Skip to content
Related Articles
Open in App
Not now

Related Articles

Python | How to Parse Command-Line Options

Improve Article
Save Article
  • Last Updated : 13 Sep, 2022
Improve Article
Save Article

In this article, we will discuss how to write a Python program to parse options supplied on the command line (found in sys.argv).

Parsing command line arguments using Python argparse module

The argparse module can be used to parse command-line options. This module provides a very user-friendly syntax to define input of positional and keyword arguments.

Example: Sample program to take command line inputs using argparse module


Hypothetical command-line tool for searching a
collection of files for one or more text patterns.
import argparse
parser = argparse.ArgumentParser(description ='Search some files')
parser.add_argument(dest ='filenames', metavar ='filename', nargs ='*')
parser.add_argument('-p', '--pat', metavar ='pattern',
                    required = True, dest ='patterns',
                    action ='append',
                    help ='text pattern to search for')
parser.add_argument('-v', dest ='verbose',
                    action ='store_true', help ='verbose mode')
parser.add_argument('-o', dest ='outfile',
                    action ='store', help ='output file')
parser.add_argument('--speed', dest ='speed',
                    action ='store', choices = {'slow', 'fast'},
                    default ='slow', help ='search speed')
args = parser.parse_args()

The program mentioned above defines a command-line parser with the following usage:

usage: [-h] [-p pattern] [-v] [-o OUTFILE] 
  [--speed {slow, fast}] [filename [filename ...]]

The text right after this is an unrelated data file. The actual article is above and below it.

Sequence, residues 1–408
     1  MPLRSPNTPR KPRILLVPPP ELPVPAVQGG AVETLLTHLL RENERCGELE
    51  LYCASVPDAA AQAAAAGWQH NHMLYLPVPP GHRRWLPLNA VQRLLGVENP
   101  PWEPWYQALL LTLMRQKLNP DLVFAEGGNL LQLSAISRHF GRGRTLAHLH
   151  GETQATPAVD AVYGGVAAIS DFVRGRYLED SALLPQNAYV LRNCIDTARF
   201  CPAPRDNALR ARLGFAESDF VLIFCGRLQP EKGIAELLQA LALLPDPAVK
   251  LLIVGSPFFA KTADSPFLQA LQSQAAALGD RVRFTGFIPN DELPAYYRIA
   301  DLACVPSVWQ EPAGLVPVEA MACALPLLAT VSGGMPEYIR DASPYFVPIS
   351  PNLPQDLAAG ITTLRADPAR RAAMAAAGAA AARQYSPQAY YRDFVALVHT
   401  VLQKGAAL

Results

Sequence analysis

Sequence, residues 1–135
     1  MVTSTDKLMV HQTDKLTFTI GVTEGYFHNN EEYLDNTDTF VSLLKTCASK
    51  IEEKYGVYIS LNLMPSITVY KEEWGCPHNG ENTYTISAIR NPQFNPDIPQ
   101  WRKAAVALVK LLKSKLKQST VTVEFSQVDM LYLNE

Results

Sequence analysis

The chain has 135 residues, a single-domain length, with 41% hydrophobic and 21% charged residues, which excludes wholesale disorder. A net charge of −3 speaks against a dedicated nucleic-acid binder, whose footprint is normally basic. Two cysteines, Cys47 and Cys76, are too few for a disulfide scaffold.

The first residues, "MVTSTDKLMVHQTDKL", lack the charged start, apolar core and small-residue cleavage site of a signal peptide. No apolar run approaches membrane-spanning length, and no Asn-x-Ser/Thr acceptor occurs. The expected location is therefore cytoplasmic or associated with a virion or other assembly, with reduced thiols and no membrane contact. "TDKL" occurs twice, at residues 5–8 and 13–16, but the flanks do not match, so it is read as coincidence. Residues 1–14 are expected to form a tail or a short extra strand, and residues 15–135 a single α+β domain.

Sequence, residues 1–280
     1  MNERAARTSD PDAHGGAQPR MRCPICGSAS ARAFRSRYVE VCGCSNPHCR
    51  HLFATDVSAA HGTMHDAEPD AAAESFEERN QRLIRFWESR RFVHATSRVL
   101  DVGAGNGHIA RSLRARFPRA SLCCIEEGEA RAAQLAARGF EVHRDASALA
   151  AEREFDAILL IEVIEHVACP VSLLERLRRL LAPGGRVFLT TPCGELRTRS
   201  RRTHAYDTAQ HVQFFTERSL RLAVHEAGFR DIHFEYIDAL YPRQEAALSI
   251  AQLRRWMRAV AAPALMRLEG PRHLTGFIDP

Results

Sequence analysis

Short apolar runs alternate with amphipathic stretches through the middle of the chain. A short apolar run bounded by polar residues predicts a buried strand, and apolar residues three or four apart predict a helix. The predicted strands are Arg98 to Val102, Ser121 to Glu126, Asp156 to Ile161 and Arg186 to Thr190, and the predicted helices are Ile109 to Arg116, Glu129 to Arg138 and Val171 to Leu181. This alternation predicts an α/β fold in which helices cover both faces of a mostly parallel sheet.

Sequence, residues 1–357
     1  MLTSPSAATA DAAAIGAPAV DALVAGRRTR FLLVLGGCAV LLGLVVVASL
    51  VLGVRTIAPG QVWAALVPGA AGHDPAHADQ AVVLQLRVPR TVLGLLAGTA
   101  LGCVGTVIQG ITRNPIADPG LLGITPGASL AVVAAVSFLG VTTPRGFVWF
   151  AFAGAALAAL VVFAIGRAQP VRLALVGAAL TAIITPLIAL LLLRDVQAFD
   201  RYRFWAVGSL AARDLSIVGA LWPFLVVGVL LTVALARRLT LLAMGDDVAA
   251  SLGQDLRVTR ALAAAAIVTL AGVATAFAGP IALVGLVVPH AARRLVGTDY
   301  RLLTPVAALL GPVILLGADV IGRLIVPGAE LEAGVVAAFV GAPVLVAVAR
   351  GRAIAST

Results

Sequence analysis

Search some files

positional arguments:

optional arguments:
-h, --help           show this help message and exit
-p pattern,    --pat pattern
                 text pattern to search for
-v                   verbose mode
-o OUTFILE           output file
--speed {slow, fast}  search speed

Note: Generally, argparse defines a –help option to print out all accepted arguments and their details. It will print all details about accepted arguments if we execute the script as follows:

python --help

Code: The following session shows how data shows up in the program.

usage: [-h] -p pattern [-v] [-o OUTFILE]
  [--speed {fast, slow}] [filename [filename ...]]


python3 -v -p spam --pat = eggs foo.txt bar.txt


filenames = ['foo.txt', 'bar.txt']
patterns = ['spam', 'eggs']
verbose = True
outfile = None
speed = slow
  • The argparse module is one of the largest modules in the standard library, and has a huge number of configuration options. This codes above show an essential subset that can be used and extended to get started.
  • To parse options, you first create an ArgumentParser instance and add declarations for the options you want to support it using the add_argument() method.
  • In each add_argument() call, the dest argument specifies the name of an attribute where the result of parsing will be placed.
  • The metavar argument is used when generating help messages.
  • The action argument specifies the processing associated with the argument and is often store for storing a value or append for collecting multiple argument values into a list.

Argument collects all the extra command-line arguments into a list. It’s being used to make a list of filenames 


parser.add_argument(dest = 'filenames',
                    metavar = 'filename', nargs = '*')

Argument sets a Boolean flag depending on whether the argument was provided 


parser.add_argument('-v', dest = 'verbose',
                    action = 'store_true',
                    help = 'verbose mode')

Argument takes a single value and stores it as a string


parser.add_argument('-o', dest = 'outfile',
                    action = 'store', help = 'output file')

My Personal Notes arrow_drop_up
Related Articles

Start Your Coding Journey Now!